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substance abuse counselor

6 Steps to Take to Become a Substance Abuse Mental Health Professional

Substance abuse is a national crisis, with almost 20 million American adults suffering from addiction. Whether you know someone personally or you want to help fight this raging epidemic, you could make a true impact as a substance abuse mental health professional; qualified professionals are needed now more than ever.

To perform your job well, you need to complete a comprehensive training and certification process. And while each state will have its own specific requirements, many will require similar components.

  1. Earn a College Degree: Some states only require a high school diploma and some comprehensive training, but most ask for a bachelor’s or graduate degree in areas such as Psychology, Sociology, Social Work or a similar major. Earning a degree gives you theoretical and practical knowledge and a deep understanding of human behavior and psychology.
  2. Pass a Background Check: To work in the field and obtain a license through your state professional board, you will need to pass a complete background check. You will be required to report your record including convictions, homicide, capital offenses, sexual offenses involving a child, multiple sexual offenses involving an adult victim, felonies, misdemeanors, indictments, court-ordered community supervision, and probation.
  3. Get Supervised Clinical Experience: Before you can become a certified substance abuse mental health professional, you will need to get authorization to perform your field hours. Under the supervision of an approved mental health professional, you will get on-the-job training and the opportunity to practice what you learned in school and sharpen your skills before you provide counseling on your own.
  4. Pass a Certification Exam: Once you complete the required hours, you can apply to take a substance abuse certification exam such as the National Association of Alcohol and Drug Abuse Counselors exam or the International Certification Reciprocity Consortium level II exam. When you are approved, you will then need to pay for, take, and pass the exam. The board will receive notice of your grade. Be sure to check into the individual requirements for your state before applying for the exam.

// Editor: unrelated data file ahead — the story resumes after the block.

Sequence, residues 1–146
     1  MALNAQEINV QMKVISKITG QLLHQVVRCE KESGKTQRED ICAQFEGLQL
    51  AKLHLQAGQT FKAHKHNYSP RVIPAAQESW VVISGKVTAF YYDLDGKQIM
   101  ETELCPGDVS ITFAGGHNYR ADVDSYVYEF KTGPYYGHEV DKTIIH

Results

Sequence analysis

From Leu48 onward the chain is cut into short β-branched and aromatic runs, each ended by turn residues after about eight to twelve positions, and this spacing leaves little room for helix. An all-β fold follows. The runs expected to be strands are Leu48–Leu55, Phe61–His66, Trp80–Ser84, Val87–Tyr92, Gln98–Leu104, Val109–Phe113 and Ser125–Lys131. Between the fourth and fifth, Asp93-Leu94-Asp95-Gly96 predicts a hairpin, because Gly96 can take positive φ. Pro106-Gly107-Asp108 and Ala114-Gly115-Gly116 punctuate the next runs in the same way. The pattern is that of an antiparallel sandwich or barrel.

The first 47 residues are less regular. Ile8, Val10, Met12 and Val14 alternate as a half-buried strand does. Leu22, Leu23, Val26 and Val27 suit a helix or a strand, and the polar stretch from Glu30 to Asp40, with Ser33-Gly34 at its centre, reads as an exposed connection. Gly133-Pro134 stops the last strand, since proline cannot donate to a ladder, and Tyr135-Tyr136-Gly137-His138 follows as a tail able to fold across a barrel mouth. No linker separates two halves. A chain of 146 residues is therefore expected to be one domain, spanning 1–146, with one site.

5. Receive State Licensure: Once your full application has been approved by the state board, you will receive your certification. You will be required to renew it annually and complete continuing education. Licensure requirements vary by state. Make sure to check with licensing boards of the states in which you plan to work.
  6. Decide Where You Want to Work: There are many options of where you might work and where your skills may be most needed including:
    • Hospitals
    • Substance abuse rehabilitation centers
    • Detention centers
    • Schools
    • Social and human service facilities

Substance Abuse and Mental Health Counselor Job Outlook

The demand for substance abuse and mental health counselors is critical and the Bureau of Labor Statistics predicts that it will grow much faster than average for the next decade. As a professional in the field, you would diagnose and assess addiction problems and provide a variety of treatments for clients. You could also save lives. At the very least, you’ll have the opportunity to positively impact others every day. This vital career is characterized by service to others, continuous learning opportunities, and the chance to work with diverse populations. You might be involved in:

  • Individual counseling
  • Relapse prevention
  • Referrals
  • Family counseling
  • Group therapy


Bluefield University is a Christian college that provides you with the tools, knowledge, and support you need to live a fulfilling career of service to others. We offer an online Master of Arts in Counseling degree that is administered by seasoned professionals who truly care about your future. Learn more about this and all our programs.

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